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Older London offices could become a bargain
FOR the first time ever, London office rents are set to go in two different directions.
Rents for the British capital's new and old office spaces have tended to move in tandem in the past. Yet demand for the best space is expected to push rents for those buildings up over the next few years, while second-hand offices may see falling rates, creating a two-tier market with big winners and losers.
Landlords with new buildings sporting the latest features can charge record prices even in a market fraught with uncertainty over Brexit. That's because companies are increasingly focused on attracting and retaining staff whose expectations about what offices should look like have been raised by flexible-working companies such as WeWork and tech giants like Google and Facebook.
"In the last four years, I have seen the biggest shift in occupier expectations and thinking," said Colette O'Shea, the managing director of the London portfolio at Land Securities Group, the UK's second-largest real estate investment trust (Reit). "We are seeing it in every aspect of life. It's all about quality and flexibility. People are prepared to pay for something that they think is good value."
A shortage of development in recent years has driven supply of new London office space to the lowest since 2001, according to a study published on Thursday by CBRE Group. At the same time, the availability of second-hand space has surged to account for three-quarters of total vacancies in the capital, a 16-year high.
The CBRE report forecasts that rents for new buildings will rise by 2 per cent a year through 2022 as those on excess space in older buildings fall by one per cent a year. "It used to be the finance director who made the decision" on office moves, said Julian Agnew, chief investment officer for the UK at LaSalle Investment Management. "It is now human resources who make the decision."
Advances in building design are also having an effect. By allowing more workers to be packed into much less space, the efficiency gains are helping businesses to sign up for shiny new properties while still keeping a lid on costs, in turn boosting rents at the top of the market.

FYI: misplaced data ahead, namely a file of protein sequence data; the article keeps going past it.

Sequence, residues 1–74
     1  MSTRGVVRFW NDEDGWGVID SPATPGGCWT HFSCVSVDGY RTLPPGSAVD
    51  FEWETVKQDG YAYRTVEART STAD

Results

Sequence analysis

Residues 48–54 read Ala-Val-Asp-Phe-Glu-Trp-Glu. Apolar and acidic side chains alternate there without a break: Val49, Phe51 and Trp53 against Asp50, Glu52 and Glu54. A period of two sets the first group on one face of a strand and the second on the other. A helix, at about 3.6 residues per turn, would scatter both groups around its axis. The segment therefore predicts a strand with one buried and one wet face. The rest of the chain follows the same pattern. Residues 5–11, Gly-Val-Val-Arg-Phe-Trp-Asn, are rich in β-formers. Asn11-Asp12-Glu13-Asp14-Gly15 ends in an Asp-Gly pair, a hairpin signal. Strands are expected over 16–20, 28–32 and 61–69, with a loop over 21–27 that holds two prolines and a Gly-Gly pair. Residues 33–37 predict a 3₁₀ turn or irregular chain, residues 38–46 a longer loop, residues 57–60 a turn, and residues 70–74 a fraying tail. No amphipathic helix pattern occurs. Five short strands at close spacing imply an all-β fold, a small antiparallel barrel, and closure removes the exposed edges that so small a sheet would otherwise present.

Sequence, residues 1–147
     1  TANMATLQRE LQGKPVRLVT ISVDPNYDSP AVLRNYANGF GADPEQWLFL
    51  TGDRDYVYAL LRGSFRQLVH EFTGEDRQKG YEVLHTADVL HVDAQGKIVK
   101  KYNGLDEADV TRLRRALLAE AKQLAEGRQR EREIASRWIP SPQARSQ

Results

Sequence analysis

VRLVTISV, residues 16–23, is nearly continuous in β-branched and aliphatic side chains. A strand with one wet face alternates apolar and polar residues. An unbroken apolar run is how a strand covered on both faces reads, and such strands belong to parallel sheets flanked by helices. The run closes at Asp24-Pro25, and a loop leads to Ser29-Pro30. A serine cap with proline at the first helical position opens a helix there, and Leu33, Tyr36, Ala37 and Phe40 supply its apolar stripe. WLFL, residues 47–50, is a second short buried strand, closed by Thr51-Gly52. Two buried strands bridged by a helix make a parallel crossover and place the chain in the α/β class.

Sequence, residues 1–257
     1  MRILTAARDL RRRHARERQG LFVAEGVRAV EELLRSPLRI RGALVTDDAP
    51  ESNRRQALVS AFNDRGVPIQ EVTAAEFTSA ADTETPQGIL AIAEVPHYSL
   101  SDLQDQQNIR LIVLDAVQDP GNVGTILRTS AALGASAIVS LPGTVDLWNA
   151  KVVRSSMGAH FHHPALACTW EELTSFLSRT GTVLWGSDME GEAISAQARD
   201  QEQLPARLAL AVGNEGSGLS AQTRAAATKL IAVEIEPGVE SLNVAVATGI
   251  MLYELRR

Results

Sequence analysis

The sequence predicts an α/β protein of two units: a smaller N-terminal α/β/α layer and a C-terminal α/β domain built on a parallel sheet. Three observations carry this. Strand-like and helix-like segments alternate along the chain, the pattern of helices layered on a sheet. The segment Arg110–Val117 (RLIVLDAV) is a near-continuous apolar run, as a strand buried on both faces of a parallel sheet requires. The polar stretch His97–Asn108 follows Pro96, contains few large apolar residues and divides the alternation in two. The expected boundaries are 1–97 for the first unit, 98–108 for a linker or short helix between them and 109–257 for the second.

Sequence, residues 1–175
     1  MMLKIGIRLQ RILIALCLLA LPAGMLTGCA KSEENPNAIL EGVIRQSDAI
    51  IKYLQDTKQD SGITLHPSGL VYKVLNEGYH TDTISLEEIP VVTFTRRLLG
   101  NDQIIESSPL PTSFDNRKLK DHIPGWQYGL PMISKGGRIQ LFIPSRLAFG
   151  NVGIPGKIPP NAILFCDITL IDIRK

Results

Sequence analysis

The demand for flexible office space in newer buildings was initially fuelled by tech startups and freelancers. Increasingly, though, large companies that might have otherwise rented older spaces are seeking flexible offers from the likes of WeWork to provide locations for teams away from corporate headquarters.
WeWork has been able to offer relatively cheap space with the extras younger workers now expect. That's despite the company itself having to pay building owners historically high rents.
"The co-working phenomenon has fundamentally changed people's expectations of what is acceptable" in terms of office design, said Simon Brown, an analyst at CBRE who co-wrote his firm's report.
The divergence between the best and the rest in London offices has also confounded expectations that Britain's impending exit from the European Union would lead to a blanket collapse in rents.
While WeWork is responsible for a large chunk of the demand that has cushioned the Brexit shock, the growth of the flexible-office model has also prompted London's biggest Reits to respond with their own platforms. Both Blackstone Group and Tishman Speyer are venturing into flexible-space offerings. The proof that demand for good space remains strong has prompted Reits to re-stock their development pipelines.
"It's amazing it took us so long to accept that customer care is so important in the office market," Savills' head of commercial research Mat Oakley said, adding that landlords should "take off the Brexit blinkers and focus on the things that really matter". BLOOMBERG